Phylogenetic and genetic linkage between novel atypical dual-specificity phosphatases from non-metazoan organisms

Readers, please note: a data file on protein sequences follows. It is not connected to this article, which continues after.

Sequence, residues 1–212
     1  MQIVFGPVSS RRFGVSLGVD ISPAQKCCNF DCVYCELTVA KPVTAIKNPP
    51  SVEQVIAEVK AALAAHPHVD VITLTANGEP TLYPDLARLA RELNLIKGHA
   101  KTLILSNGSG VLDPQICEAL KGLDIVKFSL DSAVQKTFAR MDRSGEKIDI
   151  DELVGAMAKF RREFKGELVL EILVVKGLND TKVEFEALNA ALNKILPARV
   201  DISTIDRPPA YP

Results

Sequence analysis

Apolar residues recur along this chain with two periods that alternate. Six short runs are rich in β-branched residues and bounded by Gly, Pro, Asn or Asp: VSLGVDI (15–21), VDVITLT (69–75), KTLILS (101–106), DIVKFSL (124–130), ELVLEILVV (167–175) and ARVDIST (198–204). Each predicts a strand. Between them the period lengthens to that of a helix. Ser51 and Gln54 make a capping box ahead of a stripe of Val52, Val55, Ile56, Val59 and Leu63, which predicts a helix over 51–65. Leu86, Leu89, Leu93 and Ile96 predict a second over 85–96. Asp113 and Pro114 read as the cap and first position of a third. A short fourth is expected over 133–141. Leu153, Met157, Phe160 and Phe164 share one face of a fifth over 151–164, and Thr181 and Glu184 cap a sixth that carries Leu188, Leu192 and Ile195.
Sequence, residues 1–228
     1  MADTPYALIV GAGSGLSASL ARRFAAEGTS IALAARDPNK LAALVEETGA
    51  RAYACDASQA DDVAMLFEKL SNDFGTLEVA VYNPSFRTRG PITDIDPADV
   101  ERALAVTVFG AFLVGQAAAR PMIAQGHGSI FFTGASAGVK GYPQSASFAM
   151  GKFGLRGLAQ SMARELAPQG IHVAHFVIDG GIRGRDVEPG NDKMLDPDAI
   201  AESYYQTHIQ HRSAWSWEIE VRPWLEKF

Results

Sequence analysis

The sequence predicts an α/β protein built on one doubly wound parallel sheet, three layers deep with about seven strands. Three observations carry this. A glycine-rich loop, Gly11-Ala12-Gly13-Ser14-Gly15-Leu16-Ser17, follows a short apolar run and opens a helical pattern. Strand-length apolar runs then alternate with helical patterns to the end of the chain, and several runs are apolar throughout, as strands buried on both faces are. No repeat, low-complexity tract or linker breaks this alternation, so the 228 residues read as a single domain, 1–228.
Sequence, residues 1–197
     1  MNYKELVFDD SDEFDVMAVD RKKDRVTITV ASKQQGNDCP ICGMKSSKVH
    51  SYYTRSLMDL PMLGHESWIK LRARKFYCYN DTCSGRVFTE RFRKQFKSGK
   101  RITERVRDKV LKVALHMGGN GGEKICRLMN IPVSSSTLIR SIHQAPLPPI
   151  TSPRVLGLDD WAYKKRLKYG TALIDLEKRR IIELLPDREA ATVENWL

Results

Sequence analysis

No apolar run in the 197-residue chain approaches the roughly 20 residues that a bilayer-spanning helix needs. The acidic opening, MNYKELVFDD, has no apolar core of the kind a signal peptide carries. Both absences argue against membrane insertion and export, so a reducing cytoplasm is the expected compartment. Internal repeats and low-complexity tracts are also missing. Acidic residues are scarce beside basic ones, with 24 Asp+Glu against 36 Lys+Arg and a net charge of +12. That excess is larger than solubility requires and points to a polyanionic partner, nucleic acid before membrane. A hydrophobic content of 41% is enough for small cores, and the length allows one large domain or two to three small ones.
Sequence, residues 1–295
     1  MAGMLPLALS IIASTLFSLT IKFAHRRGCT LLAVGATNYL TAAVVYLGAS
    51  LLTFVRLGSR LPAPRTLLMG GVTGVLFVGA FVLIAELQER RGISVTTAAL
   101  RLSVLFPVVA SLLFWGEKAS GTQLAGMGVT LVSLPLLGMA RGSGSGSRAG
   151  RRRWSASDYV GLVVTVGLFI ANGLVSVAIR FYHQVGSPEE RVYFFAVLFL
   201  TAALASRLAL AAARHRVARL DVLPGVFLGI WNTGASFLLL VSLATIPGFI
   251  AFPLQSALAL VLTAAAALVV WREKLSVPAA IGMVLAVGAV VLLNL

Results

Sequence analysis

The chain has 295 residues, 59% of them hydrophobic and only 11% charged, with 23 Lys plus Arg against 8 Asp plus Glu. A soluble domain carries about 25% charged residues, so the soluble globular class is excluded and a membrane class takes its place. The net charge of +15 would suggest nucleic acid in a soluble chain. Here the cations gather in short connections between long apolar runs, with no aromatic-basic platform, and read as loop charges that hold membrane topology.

Reactive oxygen species cause damage to all of the major cellular constituents, including peroxidation of lipids. Previous studies have revealed that oxidative stress, including exposure to oxidation products, affects the progression of cells through the cell division cycle. This study examined the effect of linoleic acid hydroperoxide, a lipid peroxidation product, on the yeast cell cycle. Treatment with this peroxide led to accumulation of unbudded cells in asynchronous populations, together with a budding and replication delay in synchronous ones. This observed modulation of G1 progression could be distinguished from the lethal effects of the treatment and may have been due to a checkpoint mechanism, analogous to that known to be involved in effecting cell cycle arrest in response to DNA damage. By examining several mutants sensitive to linoleic acid hydroperoxide, the YNL099c open reading frame was found to be required for the arrest. This gene (designated OCA1) encodes a putative protein tyrosine phosphatase of previously unknown function. Cells lacking OCA1 did not accumulate in G1 on treatment with linoleic acid hydroperoxide, nor did they show a budding, replication, or Start delay in synchronous cultures. Although not essential for adaptation or immediate cellular survival, OCA1 was required for growth in the presence of linoleic acid hydroperoxide, thus indicating that it may function in linking growth, stress responses, and the cell cycle. Identification of OCA1 establishes cell cycle arrest as an actively regulated response to oxidative stress and will enable further elucidation of oxidative stress-responsive signaling pathways in yeast.